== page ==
Our first October back in the US brought great consternation to my children: skeletons dangling in our neighbors’ front yard, images of witches and evil spirits plastered on storefronts, and little shrines filled with plastic symbols of death, demons, and sorcery set up on reception desks and public entry ways of homes, businesses, and schools. My children kept turning to me in shock, searching for an explanation.

Idols, shrines, and spirit worship were an integral part of the world they had grown up in. They understood the reality of the spirit beings that those “cute” little symbols were representing. And our recent encounters with overt demonic attack in South Asia had left us all shaken and hypersensitive to the presence of the spirit realm. Our impulse was to look away as we walked past, to avoid eye contact with evil lest we invite further attention.

Our careful avoidance of the spirit realm
betrays our underlying fear.

This is the same posture I notice in many Western Christians when the topic of spiritual warfare is raised. Furtive glances. Lowered voices. Subject changes that switch to more “edifying” thoughts. Excuses that the Bible doesn’t give much attention to it and neither should we. But our careful avoidance of the topic betrays our underlying fear.

So what is an appropriate posture for Christians when confronted with evil?

Whenever the spirit from God came upon Saul, David would take his harp and play. Then relief would come to Saul; he would feel better, and the evil spirit would leave him.
1 Samuel 16:23

A theologian-friend once pointed out to me that young David was the first exorcist we meet in the Bible. Called in to play his harp for the demon-possessed Saul, David was brought face-to-face with unmitigated evil on a daily basis. But rather than hide in terror or play around as if these ghosts were merely a figment of Saul’s superstitious imagination, David confronted them with singing.

O LORD, our Lord, how majestic is your name in all the earth! You have set your glory above the heavens. From the lips of children and infants you have ordained praise because of your enemies, to silence the foe and the avenger.
Psalm 8:1-2

He sang songs of praise to God’s superior power and glory, songs of thanks for His love and protection. He sang songs of petition for God to stop the evil oppressors and songs of triumph celebrating God’s victories, past and future.

And when that child played and sang, the evil spirit tormenting Saul shut up and left.

When I consider your heavens, the work of your fingers…, what is man that you are mindful of him…? You made him a little lower than the heavenly beings and crowned him with glory and honor.
Psalm 8:3-5

David thumbed his nose in the face of demons, not because he underestimated their power, not because he overestimated his, but because He rightly understood God’s. God’s exalted position over all of creation provided the basis for David’s humble confidence in confronting spirit powers.

For he has rescued us from the dominion of darkness and brought us into the kingdom of the Son he loves…. He is the image of the invisible God, the firstborn over all creation. For by him all things were created: things in heaven and on earth, visible and invisible, whether thrones or powers or rulers or authorities; all things were created by him and for him.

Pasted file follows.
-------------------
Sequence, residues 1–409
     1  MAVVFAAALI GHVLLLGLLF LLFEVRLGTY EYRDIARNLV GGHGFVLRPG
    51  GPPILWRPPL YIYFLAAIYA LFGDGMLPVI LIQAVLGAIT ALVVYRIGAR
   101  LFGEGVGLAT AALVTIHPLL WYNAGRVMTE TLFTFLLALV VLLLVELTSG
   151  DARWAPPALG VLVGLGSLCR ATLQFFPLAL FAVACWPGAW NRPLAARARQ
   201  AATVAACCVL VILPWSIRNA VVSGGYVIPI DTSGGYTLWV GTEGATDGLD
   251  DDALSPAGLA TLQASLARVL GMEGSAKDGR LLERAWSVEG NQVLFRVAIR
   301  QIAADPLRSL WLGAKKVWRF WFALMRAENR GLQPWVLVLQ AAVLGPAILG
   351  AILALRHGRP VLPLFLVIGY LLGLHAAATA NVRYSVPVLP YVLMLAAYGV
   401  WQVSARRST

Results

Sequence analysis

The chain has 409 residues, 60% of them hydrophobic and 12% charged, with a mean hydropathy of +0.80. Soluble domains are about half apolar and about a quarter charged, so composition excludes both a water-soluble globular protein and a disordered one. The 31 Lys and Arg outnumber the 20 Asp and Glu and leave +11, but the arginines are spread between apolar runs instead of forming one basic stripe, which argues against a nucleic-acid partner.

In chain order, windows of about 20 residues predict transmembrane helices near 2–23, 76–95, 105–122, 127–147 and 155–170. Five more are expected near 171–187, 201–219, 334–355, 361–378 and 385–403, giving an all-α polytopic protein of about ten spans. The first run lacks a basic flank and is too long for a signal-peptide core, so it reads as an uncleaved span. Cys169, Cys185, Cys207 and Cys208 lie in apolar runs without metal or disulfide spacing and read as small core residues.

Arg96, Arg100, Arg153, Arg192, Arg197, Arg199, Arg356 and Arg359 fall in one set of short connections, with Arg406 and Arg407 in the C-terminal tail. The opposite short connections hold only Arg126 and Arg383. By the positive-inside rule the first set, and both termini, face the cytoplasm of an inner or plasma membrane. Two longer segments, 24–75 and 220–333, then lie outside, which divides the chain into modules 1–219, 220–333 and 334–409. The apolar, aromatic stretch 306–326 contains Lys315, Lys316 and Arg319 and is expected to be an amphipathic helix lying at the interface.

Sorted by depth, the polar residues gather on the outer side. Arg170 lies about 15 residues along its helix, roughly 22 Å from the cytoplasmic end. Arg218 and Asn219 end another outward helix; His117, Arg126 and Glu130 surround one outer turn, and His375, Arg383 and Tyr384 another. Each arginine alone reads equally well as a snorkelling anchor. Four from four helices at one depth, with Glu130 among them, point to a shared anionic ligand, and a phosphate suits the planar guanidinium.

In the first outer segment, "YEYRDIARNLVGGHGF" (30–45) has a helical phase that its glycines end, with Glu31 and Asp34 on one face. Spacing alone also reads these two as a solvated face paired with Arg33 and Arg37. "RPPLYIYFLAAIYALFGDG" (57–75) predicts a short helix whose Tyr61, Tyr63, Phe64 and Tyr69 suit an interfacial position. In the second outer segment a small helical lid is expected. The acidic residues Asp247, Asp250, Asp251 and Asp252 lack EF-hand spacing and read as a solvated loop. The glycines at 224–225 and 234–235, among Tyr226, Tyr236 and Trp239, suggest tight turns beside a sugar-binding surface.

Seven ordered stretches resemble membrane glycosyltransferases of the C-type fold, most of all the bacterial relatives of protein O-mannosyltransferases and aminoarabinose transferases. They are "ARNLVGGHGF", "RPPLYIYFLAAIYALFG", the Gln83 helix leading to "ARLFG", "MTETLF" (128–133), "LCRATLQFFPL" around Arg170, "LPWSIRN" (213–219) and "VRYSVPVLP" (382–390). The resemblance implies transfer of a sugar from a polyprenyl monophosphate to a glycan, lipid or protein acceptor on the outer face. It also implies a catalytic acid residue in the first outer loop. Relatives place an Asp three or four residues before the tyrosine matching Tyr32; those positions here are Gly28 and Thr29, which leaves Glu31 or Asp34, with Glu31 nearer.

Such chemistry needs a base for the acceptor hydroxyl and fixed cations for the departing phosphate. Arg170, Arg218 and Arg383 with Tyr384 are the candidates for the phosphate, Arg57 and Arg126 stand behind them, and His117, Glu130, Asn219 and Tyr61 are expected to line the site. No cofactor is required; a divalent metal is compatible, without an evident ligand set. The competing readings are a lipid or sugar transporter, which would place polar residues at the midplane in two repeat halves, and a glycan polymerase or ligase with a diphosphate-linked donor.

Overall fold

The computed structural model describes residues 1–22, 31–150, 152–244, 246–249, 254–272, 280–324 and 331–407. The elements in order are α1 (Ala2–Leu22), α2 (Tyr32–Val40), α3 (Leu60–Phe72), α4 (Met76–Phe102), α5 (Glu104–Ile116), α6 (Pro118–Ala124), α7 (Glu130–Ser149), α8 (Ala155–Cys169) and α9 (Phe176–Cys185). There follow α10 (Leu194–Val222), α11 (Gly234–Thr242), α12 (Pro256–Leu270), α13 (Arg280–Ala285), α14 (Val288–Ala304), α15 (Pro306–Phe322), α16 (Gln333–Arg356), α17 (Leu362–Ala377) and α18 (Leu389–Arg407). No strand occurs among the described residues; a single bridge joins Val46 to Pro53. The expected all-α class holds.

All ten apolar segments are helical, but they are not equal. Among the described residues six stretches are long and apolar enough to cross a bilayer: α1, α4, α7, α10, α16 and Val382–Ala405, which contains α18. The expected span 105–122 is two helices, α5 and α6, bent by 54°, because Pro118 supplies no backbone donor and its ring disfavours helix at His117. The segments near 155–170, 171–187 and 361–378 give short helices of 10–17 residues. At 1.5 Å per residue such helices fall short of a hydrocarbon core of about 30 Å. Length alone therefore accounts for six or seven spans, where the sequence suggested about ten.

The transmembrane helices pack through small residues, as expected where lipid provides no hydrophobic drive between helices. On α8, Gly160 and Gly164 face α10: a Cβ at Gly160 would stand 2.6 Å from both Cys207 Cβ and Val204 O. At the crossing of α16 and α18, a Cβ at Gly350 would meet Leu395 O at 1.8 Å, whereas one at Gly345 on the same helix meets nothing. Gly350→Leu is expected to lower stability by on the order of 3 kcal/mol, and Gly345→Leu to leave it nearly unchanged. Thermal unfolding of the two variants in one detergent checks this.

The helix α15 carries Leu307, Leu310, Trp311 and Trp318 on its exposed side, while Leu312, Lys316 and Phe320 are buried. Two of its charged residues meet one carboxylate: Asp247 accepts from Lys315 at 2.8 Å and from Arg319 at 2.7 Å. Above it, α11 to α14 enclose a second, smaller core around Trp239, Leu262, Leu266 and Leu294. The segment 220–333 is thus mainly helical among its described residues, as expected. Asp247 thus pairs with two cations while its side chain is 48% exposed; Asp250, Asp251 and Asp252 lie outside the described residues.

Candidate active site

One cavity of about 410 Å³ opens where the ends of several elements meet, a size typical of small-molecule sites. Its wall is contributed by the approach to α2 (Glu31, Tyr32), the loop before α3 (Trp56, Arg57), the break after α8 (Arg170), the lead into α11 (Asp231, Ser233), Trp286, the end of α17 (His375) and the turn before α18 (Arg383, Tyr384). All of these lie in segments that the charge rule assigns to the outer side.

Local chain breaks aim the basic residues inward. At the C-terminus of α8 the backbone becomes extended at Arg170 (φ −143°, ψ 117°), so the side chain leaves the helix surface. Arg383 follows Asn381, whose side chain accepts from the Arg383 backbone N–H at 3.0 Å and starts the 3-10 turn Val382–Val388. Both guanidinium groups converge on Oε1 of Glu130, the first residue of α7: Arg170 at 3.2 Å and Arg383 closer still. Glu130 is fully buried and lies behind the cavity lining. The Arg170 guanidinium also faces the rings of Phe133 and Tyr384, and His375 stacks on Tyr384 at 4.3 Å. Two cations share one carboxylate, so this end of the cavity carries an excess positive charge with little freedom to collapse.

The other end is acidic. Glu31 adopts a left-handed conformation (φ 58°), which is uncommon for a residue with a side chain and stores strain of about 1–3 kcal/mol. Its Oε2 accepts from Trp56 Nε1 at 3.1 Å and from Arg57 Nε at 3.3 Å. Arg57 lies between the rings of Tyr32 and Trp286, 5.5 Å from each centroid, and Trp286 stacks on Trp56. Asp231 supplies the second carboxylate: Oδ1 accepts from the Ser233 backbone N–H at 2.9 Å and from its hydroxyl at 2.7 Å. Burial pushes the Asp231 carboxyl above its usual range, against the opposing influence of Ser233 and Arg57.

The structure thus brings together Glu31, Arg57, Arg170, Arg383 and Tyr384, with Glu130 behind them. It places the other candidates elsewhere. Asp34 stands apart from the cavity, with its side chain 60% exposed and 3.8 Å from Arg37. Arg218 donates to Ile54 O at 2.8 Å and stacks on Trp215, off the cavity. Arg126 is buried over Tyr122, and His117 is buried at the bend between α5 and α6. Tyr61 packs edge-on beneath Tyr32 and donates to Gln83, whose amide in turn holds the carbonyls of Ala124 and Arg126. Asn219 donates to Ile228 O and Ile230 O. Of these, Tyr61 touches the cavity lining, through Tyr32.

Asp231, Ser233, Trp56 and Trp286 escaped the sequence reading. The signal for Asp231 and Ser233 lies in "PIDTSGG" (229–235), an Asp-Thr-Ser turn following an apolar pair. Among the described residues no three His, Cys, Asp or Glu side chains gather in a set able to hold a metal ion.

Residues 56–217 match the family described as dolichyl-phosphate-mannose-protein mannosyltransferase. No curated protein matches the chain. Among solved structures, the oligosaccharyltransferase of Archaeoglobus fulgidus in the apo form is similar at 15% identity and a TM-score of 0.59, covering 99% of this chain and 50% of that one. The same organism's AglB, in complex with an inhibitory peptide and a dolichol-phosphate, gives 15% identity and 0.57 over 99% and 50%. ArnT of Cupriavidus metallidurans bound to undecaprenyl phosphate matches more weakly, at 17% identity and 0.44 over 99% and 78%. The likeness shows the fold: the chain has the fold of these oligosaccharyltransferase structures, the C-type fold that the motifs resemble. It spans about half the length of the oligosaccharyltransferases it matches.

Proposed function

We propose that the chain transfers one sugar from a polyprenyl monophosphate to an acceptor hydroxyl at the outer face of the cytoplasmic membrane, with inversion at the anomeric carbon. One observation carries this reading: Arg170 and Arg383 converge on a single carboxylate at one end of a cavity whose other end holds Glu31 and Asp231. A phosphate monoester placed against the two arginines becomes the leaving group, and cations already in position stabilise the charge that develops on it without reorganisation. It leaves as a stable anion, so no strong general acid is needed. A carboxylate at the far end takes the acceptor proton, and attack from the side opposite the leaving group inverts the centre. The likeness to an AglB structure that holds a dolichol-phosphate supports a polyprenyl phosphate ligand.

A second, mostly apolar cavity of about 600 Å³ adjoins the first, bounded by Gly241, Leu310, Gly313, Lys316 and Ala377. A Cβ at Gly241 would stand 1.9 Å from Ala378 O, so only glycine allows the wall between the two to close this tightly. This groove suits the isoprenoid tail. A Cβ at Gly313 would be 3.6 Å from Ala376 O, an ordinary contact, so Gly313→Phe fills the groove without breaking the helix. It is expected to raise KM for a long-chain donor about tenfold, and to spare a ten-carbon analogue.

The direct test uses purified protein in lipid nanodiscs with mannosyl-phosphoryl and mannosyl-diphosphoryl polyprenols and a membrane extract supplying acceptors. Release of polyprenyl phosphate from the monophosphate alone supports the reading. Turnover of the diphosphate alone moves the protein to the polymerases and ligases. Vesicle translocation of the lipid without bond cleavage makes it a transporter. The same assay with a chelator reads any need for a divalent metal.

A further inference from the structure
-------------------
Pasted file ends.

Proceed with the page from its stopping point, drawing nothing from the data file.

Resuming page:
Colossians 1:13-16

David recognized what we too easily forget. God created and rules over spirit beings just as He does over all human beings. They are the work of His hands, seen and known by Him even if they are scary and alien to us. And we as Christians no longer live as captives to their dark purposes. Yes their power is real and they are at large wreaking havoc in our world, but we have no cause for fear.

For in Christ all the fullness of the Deity lives in bodily form, and you have been given fullness in Christ, who is the head over every power and authority.
And having disarmed the powers and authorities, he made a public spectacle of them, triumphing over them by the cross.
Colossians 2:9-10, 15

Jesus has already taken them on and unmasked their charade for all to see. Their knowledge is limited. Their power is restricted. And best of all, their days are numbered.

So how do we carry on in the meantime, aware that the serpent is contained but still has fangs?

We can afford to be neither flippant nor fearful.

Put on the full armor of God so that you can take your stand against the devil’s schemes.
Ephesians 6:11

The powers of darkness are present and active, and we are called to be vigilant and proactive in resisting them. To play around with demonic symbols and magical games is as smart as toying with a venomous cobra. But to avert our eyes and pretend like they aren’t there doesn’t make them go away. If anything, it gives them permission to carry on their work unhindered.

Christ’s exalted position over all of creation emboldens us to humbly confront the spirit powers.

We have a role to play in freeing our world from demonic rule. It involves neither violent aggression nor cowardly hiding, but rather a bold faith in the victory Christ has already won.

Let the peace of Christ rule in your hearts, since as members of one body you were called to peace. And be thankful. Let the word of Christ dwell in you richly as you teach and admonish one another with all wisdom, and as you sing psalms, hymns and spiritual songs with gratitude in your hearts to God.
Colossians 3:15-16

So we join in with the singing exorcist. We sing songs of praise to our triumphant King. We speak words of truth, proclaiming His victory over our demonic foes and rebuking their false claims on those He has delivered. And we tune our hearts to the grateful chorus of the redeemed, fixing our gaze on the One holding the basket as we sing down the serpent.